Jeff Risdon, DLD Editor
You can find the first edition here.
There are tons of changes, as you would expect for seven weeks of college football. The draft order here is my conjecture as to the standings at the end of the season. I did sort it out for playoff seeding as well, but not anything beyond what I believe the initial seeding will look like.
I omitted any underclassmen who have indicated they are returning to school. While I don’t necessarily believe them, I will respect their word at this point. That means no Cedric Ogbuehi, Kasen Williams or Jace Amaro, all of whom would have appeared.
Two rounds this time around, and the second round order is the same as the first. I know that’s not always the case but…it’s October. The draft is still more than six months away, be patient.
My mock drafts always follow this template: I am making picks based on what I believe teams might do in a given situation. It does not necessarily reflect the decisions I would make in those situations, nor does it represent where I believe players should be slotted.
1. Jacksonville Jaguars: Teddy Bridgewater, QB, Louisville. Nothing can improve the expansion-like feel of the Jaguars roster more than a potential franchise quarterback. Bridgewater’s ability to operate in the pocket but also create athletically makes him the top pick.
2. Tampa Bay Buccaneers: Jadeveon Clowney, DE, South Carolina. Yes, Tampa Bay needs help at quarterback. They also need an impact defensive player up front to balance Gerald McCoy and force the offense to game plan around. Clowney remains the best defensive prospect of the 2000s regardless of the watered down stats.
3. Minnesota Vikings: Marcus Mariota, QB, Oregon. He might have a higher ceiling than Bridgewater, and I love that he improves weekly. NFL teams will covet his headiness and athleticism. The Vikings cannot continue with the troika of ineptitude that is Ponder, Cassel and Freeman.
4. Oakland Raiders: Anthony Barr, DE/OLB, UCLA. I believe the Raiders stick with Terrelle Pryor for at least another year, which means they can use a premium pick to land a premium pass rusher. Barr is creative and freakishly fast around the edge.
5. Cleveland Browns: Derek Carr, QB, Fresno State. Teams are going to love his arm talent, and that downfield attacking ability suits the Browns offense under Rob Chudzinski. This is likely higher than you will see Carr slotted anywhere else and is either really prescient or completely foolish.
6. Buffalo Bills: Mike Evans, WR, Texas A&M. The Bills go after the matchup nightmare that is Mike Evans, who physically compares to Dez Bryant or Demaryius Thomas. His improved effort and consistency vault him to the top of the wideout stack.
7. St. Louis Rams (from WAS): C.J. Mosley, LB, Alabama. They could opt to go quarterback here, but in this incarnation the Rams choose the top linebacker on the board. The defense is already stout, but adding the versatile Mosley puts them on par with their NFC West foes in what is easily the toughest division in the NFL.
8. New York Giants: Jake Matthews, T, Texas A&M. The Giants offensive line has been neglected for too long. Matthews is a “safe” pick because of his pedigree and experience, but he also happens to have enough athletic ability to become an elite performer quickly.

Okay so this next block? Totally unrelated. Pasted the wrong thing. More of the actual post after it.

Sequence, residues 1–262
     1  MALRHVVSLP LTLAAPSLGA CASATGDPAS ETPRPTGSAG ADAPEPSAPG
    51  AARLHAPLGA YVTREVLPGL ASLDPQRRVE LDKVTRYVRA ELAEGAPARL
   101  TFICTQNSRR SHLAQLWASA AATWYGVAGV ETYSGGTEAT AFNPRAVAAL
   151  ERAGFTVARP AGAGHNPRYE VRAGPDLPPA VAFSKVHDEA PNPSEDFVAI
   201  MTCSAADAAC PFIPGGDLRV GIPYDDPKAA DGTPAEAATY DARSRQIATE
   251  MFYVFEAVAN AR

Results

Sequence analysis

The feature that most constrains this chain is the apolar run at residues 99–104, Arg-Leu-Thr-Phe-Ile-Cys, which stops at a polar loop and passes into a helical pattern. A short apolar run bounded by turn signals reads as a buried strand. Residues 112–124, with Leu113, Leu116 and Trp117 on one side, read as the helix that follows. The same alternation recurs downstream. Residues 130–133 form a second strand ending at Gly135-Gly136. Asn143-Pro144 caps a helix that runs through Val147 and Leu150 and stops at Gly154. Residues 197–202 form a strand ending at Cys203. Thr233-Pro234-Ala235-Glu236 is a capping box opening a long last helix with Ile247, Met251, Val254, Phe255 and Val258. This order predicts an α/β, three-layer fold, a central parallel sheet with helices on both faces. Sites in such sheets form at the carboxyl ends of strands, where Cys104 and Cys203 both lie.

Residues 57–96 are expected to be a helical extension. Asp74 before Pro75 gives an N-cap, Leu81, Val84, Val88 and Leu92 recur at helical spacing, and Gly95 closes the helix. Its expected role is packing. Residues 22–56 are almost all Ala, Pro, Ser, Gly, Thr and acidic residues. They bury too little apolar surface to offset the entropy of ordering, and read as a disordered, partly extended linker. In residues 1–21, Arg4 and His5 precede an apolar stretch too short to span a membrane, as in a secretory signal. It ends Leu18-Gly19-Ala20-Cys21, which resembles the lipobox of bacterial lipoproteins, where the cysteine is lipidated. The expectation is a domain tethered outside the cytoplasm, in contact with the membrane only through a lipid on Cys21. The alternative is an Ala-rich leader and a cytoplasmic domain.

9. Pittsburgh Steelers: Jason Verrett, CB, TCU. Smart, physical, speedy and aggressive. Sounds like a Pittsburgh Steelers corner, doesn’t it? That’s Verrett, who plays bigger than his size.
10. St. Louis Rams: Brett Hundley, QB, UCLA. If we’ve seen anything the past few weeks, it’s that Hundley is not NFL ready. Should he declare, the best chance is to sit a year or two behind an established starter while honing his passing ability. Having the extra first round pick affords them time to develop the raw talent.
11. Chicago Bears: Louis Nix, DT, Notre Dame. He’s not played as well this year as in 2012, in part because of some new sloppy weight. Yet even in a down season, Nix still flashes disruptiveness inside. The Bears desperately need to make over the middle of their defense, and it starts up front.
12. Atlanta Falcons: Vic Beasley, DE, Clemson. This is one of those biggest need meets best available player marriages that makes too much sense to ignore. Beasley is a rising star with his ability to generate pressure off the edge, something the Falcons sorely lack.
13. Houston Texans: Johnny Manziel, QB, Texas A&M. It almost seems too convenient to slot Johnny Football to the nearby Texans. His improvement as a passer is remarkable, and the Texans happen to need a new franchise quarterback. Note this pick 100% will not happen if Gary Kubiak returns as coach.
14. Arizona Cardinals: Khalil Mack, OLB, Buffalo. Wait until the workout and postseason all-star circuit and watch Mack skyrocket up boards. Those of us who’ve seen heavy doses of him already know what a versatile talent he is. His presence would make a good Cards defense downright nasty.
15. Tennessee Titans: RaShede Hageman, DT, Minnesota. It’s not their biggest need, but Hageman is the kind of impact talent that can transform a solid line into a great one. He’s another physical freak who will climb in workout season.
16. Miami Dolphins: Cyrus Kouandjio, T, Alabama. Any team that trades for Bryant McKinnie is tipping its hand at the desperate state of affairs up front. Any team which has to start Jonathan Martin has no chance of making the playoffs, and it appears they’ve come to that harsh realization.